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Childhood Superstitions, Rituals, and Fears: What Do I Need to Know?

As adults, we remember our childhood days of avoiding stepping on cracks to not “break our mother’s back” or insisting that dad check under the bed every night to ensure the absence of monsters. Repetitive play, superstitions, and ritualistic games are normal parts of childhood. But parents are faced with the question of when do these superstitious and ritualistic behaviors cross the line into more worrisome behavior. What questions should you ask yourself to determine if your child’s fears and ritualistic behavior are normal or whether seeking consultation from a mental health professional would be helpful?

What is Obsessive Compulsive Disorder?

One type of problem characterized by fears and ritualistic behavior is called Obsessive-compulsive disorder (OCD). OCD is characterized by intrusive, troubling thoughts (called obsessions), and repetitive, ritualistic behaviors (called compulsions). Ritualistic behaviors are aimed at reducing anxiety brought on by unwanted, intrusive obsessional thinking. Individuals with OCD usually have obsessions and compulsions, which take more than 1 hour per day, significantly interfere with life, or causes significant distress.

Childhood Superstitions, Rituals, and Fears

Superstitions are ideas and related practices that may resemble obsessions and compulsions seen in OCD, but are generally not considered problematic. Generally, most people have superstitions such as keeping a four-leaf clover for good luck, or avoiding opening an umbrella indoors. Common childhood rituals and superstitious behavior include checking under the bed before going to sleep, touching walls ritualistically while walking, avoid stepping on sidewalk cracks, or repetitively asking “Are we there yet?” on car trips. Similarly, many children experience developmentally normal fears including fears of strangers, the dark, monsters or animals.

Certain superstitions are normal at certain ages. Common rituals at two years old include rigid routines around eating, bathing, and bedtime. At 3-5, children will often engage in repetitive themes during solitary play activities (like lining up cars repeatedly). At 5-6 years, children will often engage in elaborate rules and rhymes associated with games. Children aged 6-11 may participate in superstitious games. Finally, older children may be preoccupied with popular activities or famous people, and rituals related to sports.

How do I know if my child’s fears and behaviors are a problem?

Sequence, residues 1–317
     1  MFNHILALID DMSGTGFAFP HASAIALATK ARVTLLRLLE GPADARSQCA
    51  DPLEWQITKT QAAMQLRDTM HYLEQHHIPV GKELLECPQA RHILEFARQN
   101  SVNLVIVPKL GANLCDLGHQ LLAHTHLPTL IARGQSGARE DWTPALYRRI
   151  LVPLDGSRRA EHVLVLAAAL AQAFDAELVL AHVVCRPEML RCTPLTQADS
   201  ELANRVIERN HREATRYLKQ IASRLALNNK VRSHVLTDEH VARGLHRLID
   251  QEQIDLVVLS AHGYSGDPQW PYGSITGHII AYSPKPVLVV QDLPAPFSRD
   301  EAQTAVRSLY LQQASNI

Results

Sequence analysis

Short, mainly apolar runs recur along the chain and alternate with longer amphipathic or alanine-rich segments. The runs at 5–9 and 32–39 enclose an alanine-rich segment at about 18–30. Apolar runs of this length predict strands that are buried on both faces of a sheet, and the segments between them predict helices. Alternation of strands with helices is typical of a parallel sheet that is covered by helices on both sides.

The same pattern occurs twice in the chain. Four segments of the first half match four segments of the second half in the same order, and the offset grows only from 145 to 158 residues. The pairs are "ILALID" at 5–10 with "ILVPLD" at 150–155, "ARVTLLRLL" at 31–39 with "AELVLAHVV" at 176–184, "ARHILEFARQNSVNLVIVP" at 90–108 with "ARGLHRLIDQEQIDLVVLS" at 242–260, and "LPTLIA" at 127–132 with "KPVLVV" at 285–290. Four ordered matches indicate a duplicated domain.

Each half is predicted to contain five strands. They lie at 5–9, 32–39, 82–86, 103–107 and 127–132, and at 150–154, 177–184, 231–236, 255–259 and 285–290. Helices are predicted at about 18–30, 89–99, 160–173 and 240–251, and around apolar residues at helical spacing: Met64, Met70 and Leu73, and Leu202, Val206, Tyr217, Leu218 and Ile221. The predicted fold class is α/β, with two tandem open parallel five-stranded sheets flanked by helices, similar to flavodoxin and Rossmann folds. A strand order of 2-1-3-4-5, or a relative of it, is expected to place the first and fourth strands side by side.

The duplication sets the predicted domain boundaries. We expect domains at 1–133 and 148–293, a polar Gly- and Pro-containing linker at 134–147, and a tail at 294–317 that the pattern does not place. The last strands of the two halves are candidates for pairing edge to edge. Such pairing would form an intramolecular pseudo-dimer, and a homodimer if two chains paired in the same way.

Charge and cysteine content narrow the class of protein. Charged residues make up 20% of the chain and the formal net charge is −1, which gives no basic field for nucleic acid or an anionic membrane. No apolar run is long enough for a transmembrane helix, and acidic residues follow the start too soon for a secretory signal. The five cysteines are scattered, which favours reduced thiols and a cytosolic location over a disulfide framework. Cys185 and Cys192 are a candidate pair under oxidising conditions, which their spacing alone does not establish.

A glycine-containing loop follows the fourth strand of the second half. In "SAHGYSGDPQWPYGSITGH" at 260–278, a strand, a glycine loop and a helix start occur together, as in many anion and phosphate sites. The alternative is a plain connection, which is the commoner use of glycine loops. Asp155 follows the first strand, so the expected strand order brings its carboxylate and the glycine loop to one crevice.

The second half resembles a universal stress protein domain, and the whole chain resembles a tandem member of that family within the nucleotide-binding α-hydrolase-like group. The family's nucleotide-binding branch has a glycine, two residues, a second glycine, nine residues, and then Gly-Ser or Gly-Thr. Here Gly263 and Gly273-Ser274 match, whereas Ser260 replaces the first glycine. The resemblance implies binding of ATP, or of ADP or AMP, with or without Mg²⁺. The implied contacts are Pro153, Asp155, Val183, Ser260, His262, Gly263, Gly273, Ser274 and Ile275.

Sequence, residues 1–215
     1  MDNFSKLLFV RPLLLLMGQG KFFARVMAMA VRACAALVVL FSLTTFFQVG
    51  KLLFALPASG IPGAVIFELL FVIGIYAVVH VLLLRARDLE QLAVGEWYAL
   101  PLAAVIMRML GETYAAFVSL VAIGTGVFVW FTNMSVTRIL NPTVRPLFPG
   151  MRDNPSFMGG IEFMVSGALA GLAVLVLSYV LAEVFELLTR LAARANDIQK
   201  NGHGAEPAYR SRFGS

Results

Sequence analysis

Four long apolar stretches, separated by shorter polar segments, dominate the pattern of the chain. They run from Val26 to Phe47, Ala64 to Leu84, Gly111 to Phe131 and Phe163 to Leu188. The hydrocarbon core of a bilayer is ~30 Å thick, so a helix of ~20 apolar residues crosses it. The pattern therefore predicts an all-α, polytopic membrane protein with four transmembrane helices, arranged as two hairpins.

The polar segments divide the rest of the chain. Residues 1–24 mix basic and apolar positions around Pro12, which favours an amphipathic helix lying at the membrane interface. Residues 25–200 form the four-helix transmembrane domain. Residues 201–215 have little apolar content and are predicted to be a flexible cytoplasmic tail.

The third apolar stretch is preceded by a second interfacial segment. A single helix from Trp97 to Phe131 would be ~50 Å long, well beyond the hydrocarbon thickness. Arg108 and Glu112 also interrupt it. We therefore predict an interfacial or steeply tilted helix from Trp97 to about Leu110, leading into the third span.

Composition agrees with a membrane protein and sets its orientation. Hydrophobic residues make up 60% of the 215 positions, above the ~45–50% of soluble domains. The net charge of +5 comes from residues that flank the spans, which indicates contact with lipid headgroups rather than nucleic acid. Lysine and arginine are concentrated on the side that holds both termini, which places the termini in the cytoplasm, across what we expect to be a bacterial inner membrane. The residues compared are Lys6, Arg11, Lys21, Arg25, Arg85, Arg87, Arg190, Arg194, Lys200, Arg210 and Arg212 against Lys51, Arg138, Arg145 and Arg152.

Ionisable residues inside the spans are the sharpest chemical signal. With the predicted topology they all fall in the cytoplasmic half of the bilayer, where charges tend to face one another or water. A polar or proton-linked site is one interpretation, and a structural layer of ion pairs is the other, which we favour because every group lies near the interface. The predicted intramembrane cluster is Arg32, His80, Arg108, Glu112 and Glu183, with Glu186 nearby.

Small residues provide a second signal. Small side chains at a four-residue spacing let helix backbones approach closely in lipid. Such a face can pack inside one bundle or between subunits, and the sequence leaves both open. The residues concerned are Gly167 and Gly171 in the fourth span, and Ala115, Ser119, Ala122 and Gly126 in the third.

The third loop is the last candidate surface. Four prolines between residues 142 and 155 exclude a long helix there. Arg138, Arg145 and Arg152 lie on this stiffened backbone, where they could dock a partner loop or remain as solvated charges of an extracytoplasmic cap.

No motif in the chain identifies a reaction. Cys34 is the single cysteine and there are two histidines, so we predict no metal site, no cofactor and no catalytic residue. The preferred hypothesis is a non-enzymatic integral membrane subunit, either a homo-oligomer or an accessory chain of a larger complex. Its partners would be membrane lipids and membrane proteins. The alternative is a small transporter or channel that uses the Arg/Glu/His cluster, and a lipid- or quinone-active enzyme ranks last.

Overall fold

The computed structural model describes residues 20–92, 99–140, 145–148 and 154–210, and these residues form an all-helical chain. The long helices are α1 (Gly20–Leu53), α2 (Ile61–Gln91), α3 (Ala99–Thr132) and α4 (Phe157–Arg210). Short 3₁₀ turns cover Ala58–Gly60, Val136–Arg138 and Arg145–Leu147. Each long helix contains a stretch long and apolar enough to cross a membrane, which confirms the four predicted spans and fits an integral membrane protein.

Extreme amounts of ritualistic activities may be obsessive-compulsive behavior. To determine what is problematic, you can ask yourself how often your child engages in the behavior, how much the behavior disrupts life, and how distressed your child becomes when the ritualistic behavior is interrupted or prevented. In terms of emotional responses, children with OCD are usually upset by their fears and rituals whereas children without OCD tend to feel neutral or positive about their ritualistic-like behavior. However, there may be exceptions to this and it is important to consider how much time the child spends doing the ritualistic behavior, as well as how distressing it is when this behavior is prevented.

Conclusion

Childhood rituals are very common, but in some instances, can be problematic and signal a larger problem that warrants clinical attention. In determining if your child’s behaviors may be indicative of more serious problems versus simply age-appropriate developmental behavior, you may wish to ask yourself how often your child engages in the behavior, how much the behavior disrupts you or your child’s daily routine, and how distressed your child becomes when the ritualistic behavior is interrupted or prevented. If your responses suggest that this is a troubling aspect of your child’s life, you may wish to contact a psychologist or psychiatrist trained in OCD treatment for further assessment. There are very effective treatments available for OCD including cognitive-behavioral therapy and medication. Cognitive-behavioral therapy, either alone or with medication, is considered the most effective single treatment for OCD in children or adults.

Eric A. Storch, PhD, is a University of South Florida Health Morsani College of Medicine professor and clinical director of Rogers Behavioral Health–Tampa Bay. For more information on OCD or anxiety, contact Rogers Behavioral Health at www.rogersbh.org or call 844-220-4411.

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